True arches, as opposed to corbel arches, were known by a number of civilizations in the ancient Near East including the Levant, but their use was infrequent and mostly confined to underground structures, such as drains where the problem of lateral thrust is greatly diminished. [18] An example of the latter would be the Nippur arch, built before 3800 BC, [19] and dated by H. V. Hilprecht (1859–1925) to even before 4000 BC. [20] Rare exceptions are an arched mudbrick home doorway dated to circa 2000 BC from Tell Taya in Iraq [21] and two Bronze Age arched Canaanite city gates, one at Ashkelon (dated to c. 1850 BC), [22] and one at Tel Dan (dated to c. 1750 BC), both in modern-day Israel. [23] [24] An Elamite tomb dated 1500 BC from Haft Teppe contains a parabolic vault which is considered as one of the earliest evidences of arches in Iran.

Classical Persia and Greece

In ancient Persia, the Achaemenid Empire (550 BC–330 BC) built small barrel vaults (essentially a series of arches built together to form a hall) known as iwan , which became massive, monumental structures during the later Parthian Empire (247 BC–AD 224). [25] [26] [27] This architectural tradition was continued by the Sasanian Empire (224–651), which built the Taq Kasra at Ctesiphon in the 6th century AD, the largest free-standing vault until modern times. [28]

An early European example of a voussoir arch appears in the 4th century BC Greek Rhodes Footbridge. [29]

Ancient Rome

The ancient Romans learned the arch from the Etruscans, refined it and were the first builders in Europe to tap its full potential for above ground buildings:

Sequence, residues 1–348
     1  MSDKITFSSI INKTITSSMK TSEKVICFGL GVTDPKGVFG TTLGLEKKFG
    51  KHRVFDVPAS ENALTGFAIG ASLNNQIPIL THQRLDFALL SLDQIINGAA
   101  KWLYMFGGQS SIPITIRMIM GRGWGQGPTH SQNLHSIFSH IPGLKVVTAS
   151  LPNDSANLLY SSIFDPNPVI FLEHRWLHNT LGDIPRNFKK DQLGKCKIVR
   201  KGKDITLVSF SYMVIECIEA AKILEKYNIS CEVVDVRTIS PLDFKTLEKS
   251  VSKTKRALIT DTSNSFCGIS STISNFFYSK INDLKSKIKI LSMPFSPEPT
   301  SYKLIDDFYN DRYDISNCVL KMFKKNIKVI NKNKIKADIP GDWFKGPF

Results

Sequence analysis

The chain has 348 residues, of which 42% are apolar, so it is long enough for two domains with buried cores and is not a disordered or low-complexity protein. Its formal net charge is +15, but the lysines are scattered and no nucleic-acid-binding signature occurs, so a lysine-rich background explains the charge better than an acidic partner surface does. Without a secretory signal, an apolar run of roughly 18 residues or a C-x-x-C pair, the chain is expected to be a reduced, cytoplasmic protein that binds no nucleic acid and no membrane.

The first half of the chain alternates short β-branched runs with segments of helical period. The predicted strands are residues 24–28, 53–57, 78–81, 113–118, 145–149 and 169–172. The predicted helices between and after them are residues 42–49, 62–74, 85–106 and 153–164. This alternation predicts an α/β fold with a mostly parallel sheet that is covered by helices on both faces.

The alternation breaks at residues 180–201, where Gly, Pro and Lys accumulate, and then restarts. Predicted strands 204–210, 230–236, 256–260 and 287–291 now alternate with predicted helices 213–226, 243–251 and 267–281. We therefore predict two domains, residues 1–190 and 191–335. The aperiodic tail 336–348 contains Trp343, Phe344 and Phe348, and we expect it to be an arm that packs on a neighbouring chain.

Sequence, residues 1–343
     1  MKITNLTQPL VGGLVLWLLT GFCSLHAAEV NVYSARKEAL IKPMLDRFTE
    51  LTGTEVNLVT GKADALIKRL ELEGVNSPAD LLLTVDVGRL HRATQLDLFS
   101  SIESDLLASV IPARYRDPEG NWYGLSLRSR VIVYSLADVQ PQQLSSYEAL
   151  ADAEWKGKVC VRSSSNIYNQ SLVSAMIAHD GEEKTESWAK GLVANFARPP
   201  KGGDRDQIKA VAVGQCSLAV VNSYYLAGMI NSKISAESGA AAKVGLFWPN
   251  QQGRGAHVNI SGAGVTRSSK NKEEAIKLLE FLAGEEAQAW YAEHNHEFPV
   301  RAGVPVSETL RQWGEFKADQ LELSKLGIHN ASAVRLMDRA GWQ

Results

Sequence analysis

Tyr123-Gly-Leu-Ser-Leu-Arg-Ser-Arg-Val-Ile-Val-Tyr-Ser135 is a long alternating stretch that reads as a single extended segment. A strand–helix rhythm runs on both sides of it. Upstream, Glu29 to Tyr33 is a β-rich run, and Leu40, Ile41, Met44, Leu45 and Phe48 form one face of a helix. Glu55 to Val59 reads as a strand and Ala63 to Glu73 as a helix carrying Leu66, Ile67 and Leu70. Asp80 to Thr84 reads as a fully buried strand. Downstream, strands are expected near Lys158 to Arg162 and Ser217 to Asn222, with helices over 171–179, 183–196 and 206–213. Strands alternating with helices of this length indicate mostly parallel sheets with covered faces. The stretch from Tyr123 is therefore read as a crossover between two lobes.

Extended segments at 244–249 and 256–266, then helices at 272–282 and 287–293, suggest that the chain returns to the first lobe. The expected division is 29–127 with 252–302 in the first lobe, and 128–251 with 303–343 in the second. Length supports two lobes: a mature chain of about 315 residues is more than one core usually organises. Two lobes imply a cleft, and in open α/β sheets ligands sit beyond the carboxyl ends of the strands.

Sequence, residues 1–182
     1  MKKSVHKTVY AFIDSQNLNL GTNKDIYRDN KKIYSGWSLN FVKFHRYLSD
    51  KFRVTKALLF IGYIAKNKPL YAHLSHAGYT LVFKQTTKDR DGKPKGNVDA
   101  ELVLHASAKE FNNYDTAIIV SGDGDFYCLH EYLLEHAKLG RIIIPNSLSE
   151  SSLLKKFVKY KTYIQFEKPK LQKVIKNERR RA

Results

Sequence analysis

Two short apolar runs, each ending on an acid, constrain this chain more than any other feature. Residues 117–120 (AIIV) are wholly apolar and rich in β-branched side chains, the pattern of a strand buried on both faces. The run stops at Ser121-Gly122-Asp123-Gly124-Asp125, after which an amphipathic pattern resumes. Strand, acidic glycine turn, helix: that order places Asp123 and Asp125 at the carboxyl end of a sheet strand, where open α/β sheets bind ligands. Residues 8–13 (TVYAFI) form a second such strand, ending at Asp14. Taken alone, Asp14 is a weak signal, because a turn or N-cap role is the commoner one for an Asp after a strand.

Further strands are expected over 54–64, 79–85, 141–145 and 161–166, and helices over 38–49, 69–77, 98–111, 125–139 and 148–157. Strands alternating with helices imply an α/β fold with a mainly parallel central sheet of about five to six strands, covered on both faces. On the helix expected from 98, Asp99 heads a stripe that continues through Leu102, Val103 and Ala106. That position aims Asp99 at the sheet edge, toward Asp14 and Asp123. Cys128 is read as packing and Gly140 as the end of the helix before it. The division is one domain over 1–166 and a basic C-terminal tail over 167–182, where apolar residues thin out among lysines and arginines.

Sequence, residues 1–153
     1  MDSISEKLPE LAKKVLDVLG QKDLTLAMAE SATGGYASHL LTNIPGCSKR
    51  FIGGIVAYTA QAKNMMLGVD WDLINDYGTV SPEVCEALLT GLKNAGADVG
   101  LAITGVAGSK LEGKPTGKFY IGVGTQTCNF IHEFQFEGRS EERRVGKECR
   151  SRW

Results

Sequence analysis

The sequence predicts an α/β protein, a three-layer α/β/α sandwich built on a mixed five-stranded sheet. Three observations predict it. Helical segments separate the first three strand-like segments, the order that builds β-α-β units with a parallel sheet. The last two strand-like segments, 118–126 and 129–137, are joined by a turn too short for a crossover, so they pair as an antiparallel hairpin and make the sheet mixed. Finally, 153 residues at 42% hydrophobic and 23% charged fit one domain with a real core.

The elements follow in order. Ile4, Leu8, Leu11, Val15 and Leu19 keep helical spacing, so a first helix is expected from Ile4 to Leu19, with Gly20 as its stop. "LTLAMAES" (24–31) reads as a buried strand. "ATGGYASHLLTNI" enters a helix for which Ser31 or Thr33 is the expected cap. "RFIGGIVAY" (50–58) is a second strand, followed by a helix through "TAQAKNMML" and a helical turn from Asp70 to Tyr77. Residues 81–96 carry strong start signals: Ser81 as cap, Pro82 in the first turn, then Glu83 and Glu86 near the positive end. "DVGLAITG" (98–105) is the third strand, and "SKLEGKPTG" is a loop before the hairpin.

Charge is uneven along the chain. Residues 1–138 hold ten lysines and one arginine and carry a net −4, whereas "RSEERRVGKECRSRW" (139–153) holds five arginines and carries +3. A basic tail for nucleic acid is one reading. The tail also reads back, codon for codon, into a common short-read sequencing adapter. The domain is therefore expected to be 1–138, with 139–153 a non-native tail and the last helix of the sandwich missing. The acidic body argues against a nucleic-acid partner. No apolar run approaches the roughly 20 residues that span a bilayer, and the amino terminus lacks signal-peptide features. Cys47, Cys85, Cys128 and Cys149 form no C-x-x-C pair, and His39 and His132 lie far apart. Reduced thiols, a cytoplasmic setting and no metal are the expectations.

The Romans were the first builders in Europe, perhaps the first in the world, to fully appreciate the advantages of the arch, the vault and the dome. [30]

Throughout the Roman empire, their engineers erected arch structures such as bridges, aqueducts, and gates. They also introduced the triumphal arch as a military monument. Vaults began to be used for roofing large interior spaces such as halls and temples, a function that was also assumed by domed structures from the 1st century BC onwards.

Arch of Caracalla at Theveste Porte Caracalla - Tebessa bb krkl - tbs@ 3.jpg
Arch of Caracalla at Theveste

The segmental arch was first built by the Romans who realized that an arch in a bridge did not have to be a semicircle, [31] [32] such as in Alconétar Bridge or Ponte San Lorenzo. They were also routinely used in house construction, as in Ostia Antica (see picture).

Ancient China

In ancient China, most architecture was wooden, including the few known arch bridges from literature and one artistic depiction in stone-carved relief. [33] [34] [35] Therefore, the only surviving examples of architecture from the Han Dynasty (202 BC – 220 AD) are rammed earth defensive walls and towers, ceramic roof tiles from no longer existent wooden buildings, [36] [37] [38] stone gate towers, [39] [40] and underground brick tombs that, although featuring vaults, domes, and archways, were built with the support of the earth and were not free-standing. [41] [42]

Roman and Chinese bridges in comparison

China's oldest surviving stone arch bridge is the Anji Bridge, built between 595 and 605 during the Sui Dynasty; it is the oldest open-spandrel segmental arch bridge in stone. [43] [44]

However, the ancient Romans had virtually all of these components beforehand; for example, Trajan's Bridge had open spandrels built in wood on stone pillars. [45]